Keep it in Sport and the 428i Gran Coupé proves engaging and quite entertaining. The optional 225/35 R19 front and 225/40 R19 rear tyres worn by our test car provided it with plenty of purchase. There is tidy balance thanks 50:50 front-to-rear weight distribution. And the electronic stability control allows allow a small degree of oversteer when you’re willing.

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There are downsides, though. Excessive tyre roar spoils its otherwise hushed cruising qualities and sharp vertical body movements can sometimes catch you out on undulating roads at higher speeds.  

Should I buy one?

If you’re in the market for a BMW 3 Series saloon, it is well worth consideration. The 4 Series Gran Coupé might not possess the outright accommodation of its more conventional stablemate, with which it shares its mechanical package, but its large liftback endows it with impressive practicality.

It also provides the scope for a more appealing appearance than the comparatively dumpy 3 Series GT – a model that, while offering an added 40 litres of nominal boot space, now seems rather superfluous.

BMW 4 Series Gran Coupé 428i 

Price £32,820; 0-62mph 6.0sec; Top speed 155mph (limited); Economy 44.8mpg; CO2 154g/km; Kerb weight 1510kg; Engine type 4 cyls, in-line 1997cc, turbocharged, petrol; Installation front, longitudinal, rwd; Power 242bhp at 5800rpm; Torque 258lb ft at 1200rpm; Gearbox 8-spd automatic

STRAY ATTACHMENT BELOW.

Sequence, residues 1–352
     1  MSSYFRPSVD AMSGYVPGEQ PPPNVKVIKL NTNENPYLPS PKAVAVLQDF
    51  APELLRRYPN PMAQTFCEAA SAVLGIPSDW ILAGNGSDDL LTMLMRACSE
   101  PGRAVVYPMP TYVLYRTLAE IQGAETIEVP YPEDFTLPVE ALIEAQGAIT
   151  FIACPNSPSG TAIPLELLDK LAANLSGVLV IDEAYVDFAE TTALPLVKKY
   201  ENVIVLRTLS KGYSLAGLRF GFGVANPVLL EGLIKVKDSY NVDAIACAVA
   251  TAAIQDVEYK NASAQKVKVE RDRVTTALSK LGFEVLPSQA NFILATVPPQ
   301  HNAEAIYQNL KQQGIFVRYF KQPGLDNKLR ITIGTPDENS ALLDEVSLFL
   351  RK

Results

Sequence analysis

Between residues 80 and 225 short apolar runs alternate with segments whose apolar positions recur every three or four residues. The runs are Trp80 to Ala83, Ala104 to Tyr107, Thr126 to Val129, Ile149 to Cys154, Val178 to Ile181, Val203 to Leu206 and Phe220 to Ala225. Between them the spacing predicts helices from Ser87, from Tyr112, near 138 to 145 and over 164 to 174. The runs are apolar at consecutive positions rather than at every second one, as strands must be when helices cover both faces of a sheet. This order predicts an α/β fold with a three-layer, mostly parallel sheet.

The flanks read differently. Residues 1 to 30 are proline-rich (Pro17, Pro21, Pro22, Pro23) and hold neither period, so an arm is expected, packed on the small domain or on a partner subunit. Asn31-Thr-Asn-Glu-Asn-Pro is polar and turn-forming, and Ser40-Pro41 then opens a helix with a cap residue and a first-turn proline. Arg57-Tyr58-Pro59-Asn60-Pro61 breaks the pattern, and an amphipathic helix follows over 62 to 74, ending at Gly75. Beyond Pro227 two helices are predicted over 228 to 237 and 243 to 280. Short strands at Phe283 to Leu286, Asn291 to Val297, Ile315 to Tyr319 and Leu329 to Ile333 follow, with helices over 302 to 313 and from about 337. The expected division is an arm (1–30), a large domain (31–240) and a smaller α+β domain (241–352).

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Comments
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vara 4 July 2016

Interior Plastic

I would have read this comment before about plastic. Yes, its indeed very true. I have just bought a BMW 420d week ago. I am happy with the car overall except the interior being cheap looking plastic which makes me think every time i sat in the car. This morning surprisingly one of the plastic which holds the mat on the front passenger door(near left foot) has come off while my friend is getting off from the car. it was such a shame.
I have just told my dealer and he said we will fix it. But this is not what i expect to see from a week old brand new car.
david RS 24 May 2014

I'm looking for BMW... Where

I'm looking for BMW...
Where is it?
winniethewoo 23 May 2014

@overdrive

well, yes, thats it then. if a friend asks for car advice.... what can i get instead of a 3 series / 4 series, i'll definately have to pipe up and ask him/her... did you ever consider a Vauxhall Cascada?
Overdrive 23 May 2014

winniethewoo wrote:... did

winniethewoo wrote:

... did you ever consider a Vauxhall Cascada?

tbh, I haven't driven the Cascada, but I think it actually looks pretty good, and by all accounts it's not a bad drive either. Vauxhall badge or not, it deserves to do well, sales wise.